With workmen busily engaged in tearing up the light horsecar rails and installing the heavier roadbed required to support the much larger electric cars, orders were placed for four double truck cars; two of these were open cross bench, while the other pair was of the familiar California type, but considerably smaller than the usual. Electric power was obtained by contracting with the Riverside municipal light and power plant.
     By the end of March, 1899, the electrification was sufficiently far along to permit Riverside & Arlington to ask the City Trustees for permission to abandon the old carbarn which was down in the Arroyo at the top of Main St.; this old Cypress Hill barn was retired shortly thereafter.
     On April 5th---early in the morning to avoid too much public interest---the first trial trip was held; the car ran over the entire line from First Street to van Buren in Arlington and no diffiulties of any kind were experienced. Unfortunately the number of this first car has not been recorded. Later that day Mr. Miller, apparently very confident, invited officers and directors of the Riverside & Arlington, as well as city officials and newspaper men, to join him in his "private car" (no. 14?) for another trip to Arlington. One newspaper man, quite impressed, observed that the car attained a speed of twenty miles an hour!
     The great day of public celebration was thereupon set and it proved to be Tuesday, April 11th, 1899. Not only the city of Riverside was involved in the gala opening, but excursions from Los Angeles, Pasadena and intermediate points on both the Santa Fe and the Southern Pacific were operated.
     Frank Miller and his Riverside & Arlington staff were aided in electrifying their main line by the other electric railways of Southern California. For opening day the roads lent some of their most able men; from the Los Angeles & Pasadena came Mr. E.B. Anderson; from the L.A. & Santa Monica, Mr. Robert Sherwood; from the Los Angeles Railway, Mr. Oscar Schilling. From the California Electric Company, San Francisco, came Mr. A.C. Jewitt and Mr. J.A. Lighthipe, and Superintendent W.D. Larrabee of the L.A. & Santa Monica took personal charge of operations on opening day. To insure an uninterrupted supply of power, Riverside city electrician F.W. Worthley was aided by Mr. H.H. Sinclair of the Redlands Light & Power Company, from whose Mill Creek plant came the 10 kv AC power.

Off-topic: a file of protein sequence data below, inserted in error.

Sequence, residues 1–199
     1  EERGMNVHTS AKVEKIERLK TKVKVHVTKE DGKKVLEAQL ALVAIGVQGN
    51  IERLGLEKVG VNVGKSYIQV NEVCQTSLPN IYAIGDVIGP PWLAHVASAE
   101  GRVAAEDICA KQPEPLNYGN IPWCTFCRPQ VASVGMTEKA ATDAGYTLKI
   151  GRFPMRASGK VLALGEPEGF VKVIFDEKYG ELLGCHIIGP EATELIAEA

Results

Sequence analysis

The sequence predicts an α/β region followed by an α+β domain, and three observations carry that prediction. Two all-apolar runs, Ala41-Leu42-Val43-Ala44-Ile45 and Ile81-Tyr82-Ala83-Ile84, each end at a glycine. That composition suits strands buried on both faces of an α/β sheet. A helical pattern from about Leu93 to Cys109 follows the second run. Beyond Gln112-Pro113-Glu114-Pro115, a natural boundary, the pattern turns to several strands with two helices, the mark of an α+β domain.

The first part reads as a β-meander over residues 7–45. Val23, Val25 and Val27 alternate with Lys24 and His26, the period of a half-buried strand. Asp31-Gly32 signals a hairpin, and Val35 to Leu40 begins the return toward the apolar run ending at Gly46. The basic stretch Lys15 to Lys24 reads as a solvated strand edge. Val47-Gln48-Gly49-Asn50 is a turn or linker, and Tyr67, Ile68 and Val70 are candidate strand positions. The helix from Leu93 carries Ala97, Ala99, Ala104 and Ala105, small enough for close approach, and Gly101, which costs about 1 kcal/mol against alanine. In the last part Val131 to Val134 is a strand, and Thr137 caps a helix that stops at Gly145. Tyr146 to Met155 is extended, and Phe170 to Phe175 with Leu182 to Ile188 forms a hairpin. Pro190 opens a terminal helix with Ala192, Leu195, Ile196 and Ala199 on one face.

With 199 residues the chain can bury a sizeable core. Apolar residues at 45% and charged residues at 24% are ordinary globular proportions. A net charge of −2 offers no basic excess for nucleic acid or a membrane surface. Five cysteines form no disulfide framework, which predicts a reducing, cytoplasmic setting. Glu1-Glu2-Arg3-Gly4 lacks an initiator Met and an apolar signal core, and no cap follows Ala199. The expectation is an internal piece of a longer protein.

Riverside & Arlington's family at the time was composed of:
Motoreers and conductors: H.A. Barton, P.W. Olesen, J.W. Painter and A.Maclain. In charge of track and carbarn, H. Meacham, J.T. Proctor, Joe Croft, A. Greivers, Frank A. Yeakin and D. Davis.

Riverside & Arlington Railway Annual Report (1900)
Running Expenses$49,839.74
Rolling Stock$12,338.12
Electric Car Barn$3,315.33
Arlington Stables$ 200.80
Riverside Stables$1,815.81
Manure and Feed$ 706.26 (Profit)
Fare Receipts$70,377.80

     The Riverside "Press" on April 7th exhorted its readers thusly:
     "The opening of the road is a big thing for Riverside and the people generally ought to cooperate and make it a gala day. Our people ought to clean up and decorate all the way from First Street to Van Buren."
     The opening day did indeed prove to be gala in every way. To tell the story in the vernacular of that long gone day, we again quote the Riverside "Press:" (April 11,1899)

     "Very Successful Opening of the New Road

     "The opening of our new electric road has been most auspicious. Flag and bunting gave the city a truly festival air, and throngs of citizens and visitors from other towns were present to give the enterprise a proper send off.
     "The Perris Indian School band came in about nne o'clock and their music on the streets soon drew a big crowd together. The first Southern Pacific train from Los Angeles brought in quite a crowd, and the number of vistors was doubled when the Santa Fe excursionists began to arrive. The railway management was able to handle all comers, however, and everything went like clockwork.
     "On arriving at Arlington the visitors were received by a deligation of young ladies of the YMCA Auxiliary who were ensconced in attractive booths, decorated in national colors. Refreshments, lemonade and curios were on sale, the proceeds going to the YMCA building fund.
     "The four cars were in charge of the following crews; the first and second being motorman and conductor respectively: P. Groftholdt, A. Mclean; Robert Sherwood, Billy Painter; E. B. Anderson, P. W. Olesen; H. A. Benton, J. T. Proctor. The motors were looked after by Oscar Schilling and A. Griebe. W. D. Larrabee of the Los Angeles & Santa Monica electric railway was superintendent in charge.
     "There promises to be a very liberal patronage of the line tonight. Trolley parties are strictly au fait back east and the fad will have its first inning in Riverside tonight. Kennedy's Philharmonic Orchestra will play and a most agreeable time is anticipated. The opportunity to see Magnolia Ave. and its electric illumination will be taken advantage of very liberally."